Construction of the next round of pipelines that would carry natural gas from U.S. supply basins to market will likely be more challenging and expensive than the build-out underway, a top U.S. pipeline developer said Oct. 15.
Chad Zamarin, senior vice president of corporate strategic development for Williams Cos. Inc., speaking at the North American Gas Forum sponsored by Energy Dialogues, said recent pipeline expansions in the U.S. Northeast mostly involved repurposing infrastructure, for instance by adding compression and facilities modifications, which allows for efficient expansion. The Northeast produces about 25-27 Bcf/d, potentially expanding to 42 Bcf/d in the next five years, he said.
Williams' Transcontinental Gas Pipe Line Co. LLC has gone from about 10 Bcf/d in gas transportation capacity five years ago to more than 17 Bcf/d today, and it is expected to surpass 20 Bcf/d by the end of the decade, Zamarin said. But he suggested the sector is "running out of low-hanging fruit."
The Permian Basin has tremendous potential for associated gas, but transportation routes to the West, Mid-Continent and Mexico are mostly filled up, requiring more greenfield pipelines to get to Gulf Coast demand centers, Zamarin said. There is a need for one 450-mile, 42-inch-diameter pipeline every two years in the next 10 years to achieve the takeaway capacity necessary to keep the basin growing, he said.
"The next round of expansion is very expensive and very challenging," he said.
Clay Bretches, president and CEO of Sendero Midstream Partners LP, said new infrastructure is also needed out of the Delaware Basin in New Mexico to accommodate the building plans of well-capitalized producers that have come into the area in the last two years. But he pointed to a combination of private, state and federal land in the area that can slow permitting and thwart new drilling.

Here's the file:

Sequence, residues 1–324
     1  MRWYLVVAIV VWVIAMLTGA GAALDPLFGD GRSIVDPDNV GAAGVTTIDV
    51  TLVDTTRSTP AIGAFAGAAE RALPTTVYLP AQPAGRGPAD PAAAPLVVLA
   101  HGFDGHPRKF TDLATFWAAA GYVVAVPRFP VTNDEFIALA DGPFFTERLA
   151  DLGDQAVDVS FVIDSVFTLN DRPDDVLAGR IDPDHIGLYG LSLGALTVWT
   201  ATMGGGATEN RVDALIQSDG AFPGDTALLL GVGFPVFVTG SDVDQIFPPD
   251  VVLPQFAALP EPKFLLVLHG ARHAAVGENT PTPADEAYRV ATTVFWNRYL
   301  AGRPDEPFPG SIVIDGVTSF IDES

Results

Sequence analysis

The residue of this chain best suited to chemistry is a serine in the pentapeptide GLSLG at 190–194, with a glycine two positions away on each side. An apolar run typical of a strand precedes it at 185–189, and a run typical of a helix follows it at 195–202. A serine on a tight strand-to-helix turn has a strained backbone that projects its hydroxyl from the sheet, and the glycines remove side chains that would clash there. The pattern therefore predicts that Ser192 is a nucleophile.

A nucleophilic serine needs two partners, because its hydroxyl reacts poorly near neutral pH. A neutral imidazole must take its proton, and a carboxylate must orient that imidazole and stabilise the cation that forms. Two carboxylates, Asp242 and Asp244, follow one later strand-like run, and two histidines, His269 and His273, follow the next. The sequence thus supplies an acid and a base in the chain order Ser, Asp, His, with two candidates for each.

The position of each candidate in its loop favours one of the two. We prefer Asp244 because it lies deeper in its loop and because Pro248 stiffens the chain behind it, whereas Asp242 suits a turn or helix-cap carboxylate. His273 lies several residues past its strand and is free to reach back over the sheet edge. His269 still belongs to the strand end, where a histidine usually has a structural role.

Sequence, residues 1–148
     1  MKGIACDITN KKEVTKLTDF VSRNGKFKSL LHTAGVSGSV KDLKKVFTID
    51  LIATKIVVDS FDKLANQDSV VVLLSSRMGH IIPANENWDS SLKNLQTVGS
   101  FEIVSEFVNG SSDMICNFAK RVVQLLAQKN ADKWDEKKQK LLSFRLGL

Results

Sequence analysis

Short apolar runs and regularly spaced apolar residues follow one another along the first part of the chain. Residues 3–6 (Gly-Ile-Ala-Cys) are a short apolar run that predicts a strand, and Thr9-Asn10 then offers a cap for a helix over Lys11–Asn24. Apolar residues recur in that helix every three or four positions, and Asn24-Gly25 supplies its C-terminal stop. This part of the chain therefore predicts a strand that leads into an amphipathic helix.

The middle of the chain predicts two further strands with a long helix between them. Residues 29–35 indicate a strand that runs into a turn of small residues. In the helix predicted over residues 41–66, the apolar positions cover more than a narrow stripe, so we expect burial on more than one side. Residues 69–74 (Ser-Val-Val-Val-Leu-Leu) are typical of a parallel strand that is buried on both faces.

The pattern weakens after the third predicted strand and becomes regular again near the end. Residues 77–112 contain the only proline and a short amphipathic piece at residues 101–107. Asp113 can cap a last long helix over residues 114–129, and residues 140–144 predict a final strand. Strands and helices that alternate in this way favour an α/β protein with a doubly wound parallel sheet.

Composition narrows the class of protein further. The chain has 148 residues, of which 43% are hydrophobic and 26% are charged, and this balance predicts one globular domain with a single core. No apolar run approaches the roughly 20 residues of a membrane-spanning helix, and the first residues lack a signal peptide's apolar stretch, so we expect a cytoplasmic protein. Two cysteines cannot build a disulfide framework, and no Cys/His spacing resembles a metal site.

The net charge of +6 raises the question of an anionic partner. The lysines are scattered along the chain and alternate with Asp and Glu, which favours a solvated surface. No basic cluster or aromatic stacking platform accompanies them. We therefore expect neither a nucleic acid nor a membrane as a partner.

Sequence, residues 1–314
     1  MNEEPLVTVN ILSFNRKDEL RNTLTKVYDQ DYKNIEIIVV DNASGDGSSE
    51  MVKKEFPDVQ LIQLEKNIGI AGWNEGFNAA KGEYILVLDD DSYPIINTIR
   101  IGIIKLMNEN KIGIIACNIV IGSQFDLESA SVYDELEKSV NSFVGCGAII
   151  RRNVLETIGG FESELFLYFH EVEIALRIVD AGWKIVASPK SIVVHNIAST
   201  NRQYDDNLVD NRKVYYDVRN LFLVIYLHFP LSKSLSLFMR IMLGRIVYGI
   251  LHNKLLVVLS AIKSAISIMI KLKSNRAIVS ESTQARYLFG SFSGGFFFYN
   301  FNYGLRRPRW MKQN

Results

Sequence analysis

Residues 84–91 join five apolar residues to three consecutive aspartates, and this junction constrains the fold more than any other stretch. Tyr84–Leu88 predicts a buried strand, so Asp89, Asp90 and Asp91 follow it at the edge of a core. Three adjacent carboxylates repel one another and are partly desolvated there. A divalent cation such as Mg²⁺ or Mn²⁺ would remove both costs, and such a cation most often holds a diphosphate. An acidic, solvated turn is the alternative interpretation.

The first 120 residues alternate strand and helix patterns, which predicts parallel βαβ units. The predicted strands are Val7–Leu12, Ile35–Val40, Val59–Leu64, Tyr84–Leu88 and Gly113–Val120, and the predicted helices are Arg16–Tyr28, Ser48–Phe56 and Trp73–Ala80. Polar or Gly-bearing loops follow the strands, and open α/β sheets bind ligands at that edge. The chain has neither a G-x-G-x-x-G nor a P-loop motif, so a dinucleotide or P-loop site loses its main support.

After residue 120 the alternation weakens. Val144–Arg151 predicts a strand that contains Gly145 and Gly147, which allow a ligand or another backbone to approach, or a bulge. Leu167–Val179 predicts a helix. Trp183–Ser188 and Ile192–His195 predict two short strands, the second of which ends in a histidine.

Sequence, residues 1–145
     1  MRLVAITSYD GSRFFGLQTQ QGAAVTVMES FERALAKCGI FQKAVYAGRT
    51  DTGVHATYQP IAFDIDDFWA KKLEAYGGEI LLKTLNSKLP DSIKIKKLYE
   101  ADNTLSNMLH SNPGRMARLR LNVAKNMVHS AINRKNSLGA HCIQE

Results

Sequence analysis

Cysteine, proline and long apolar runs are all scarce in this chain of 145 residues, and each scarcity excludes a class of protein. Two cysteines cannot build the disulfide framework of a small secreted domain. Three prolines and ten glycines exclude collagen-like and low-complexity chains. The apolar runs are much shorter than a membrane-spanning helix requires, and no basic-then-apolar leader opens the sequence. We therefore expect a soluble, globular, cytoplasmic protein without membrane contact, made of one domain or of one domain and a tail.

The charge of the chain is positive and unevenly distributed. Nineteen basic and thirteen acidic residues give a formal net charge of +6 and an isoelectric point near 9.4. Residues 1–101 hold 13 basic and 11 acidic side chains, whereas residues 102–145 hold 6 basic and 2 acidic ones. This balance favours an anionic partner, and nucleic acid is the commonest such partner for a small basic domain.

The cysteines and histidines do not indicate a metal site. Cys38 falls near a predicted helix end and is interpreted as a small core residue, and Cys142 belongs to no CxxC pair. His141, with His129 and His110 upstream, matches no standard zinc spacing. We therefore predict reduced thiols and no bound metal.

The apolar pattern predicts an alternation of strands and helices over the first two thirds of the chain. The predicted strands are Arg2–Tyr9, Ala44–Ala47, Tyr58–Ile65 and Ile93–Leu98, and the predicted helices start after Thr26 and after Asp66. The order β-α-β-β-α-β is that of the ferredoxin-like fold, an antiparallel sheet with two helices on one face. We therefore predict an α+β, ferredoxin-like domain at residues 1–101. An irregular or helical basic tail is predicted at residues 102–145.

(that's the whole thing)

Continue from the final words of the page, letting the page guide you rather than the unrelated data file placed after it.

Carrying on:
"The federal government regulations cause us the most delay," Bretches said. The need to produce oil without flaring gas means the government must move faster, he said. Speedier federal permitting would prevent the burden from falling on state and local land, he said.
Bretches noted that right-of-way and siting requirements can cause it to take 12 to 18 months to get pipe into the ground, "which is much too late to get product to the market."
Another speaker said the Trump administration might soon take action on states' use of their Clean Water Act authorities to restrict natural gas infrastructure. Mike Catanzaro, a partner at the lobbying firm CGCN Group, who previously handled energy issues for President Donald Trump's National Economic Council, said he expected the U.S. Environmental Protection Agency would soon put out guidance to provide greater clarity on how states apply Clean Water Act Section 401 to "narrow its focus a bit."
Catanzaro expected "the regulated community will probably be happy with that."
Republican senators have asked the EPA to look into whether new Clean Water Act guidance is needed to check what the senators consider to be abuses by some states in attempts to stop gas pipelines and other infrastructure. The senators have urged EPA to take steps to review its handbook on Section 401 and other materials.
Maya Weber is a reporter for S&P Global Platts, which like S&P Global Market Intelligence, is owned by S&P Global Inc.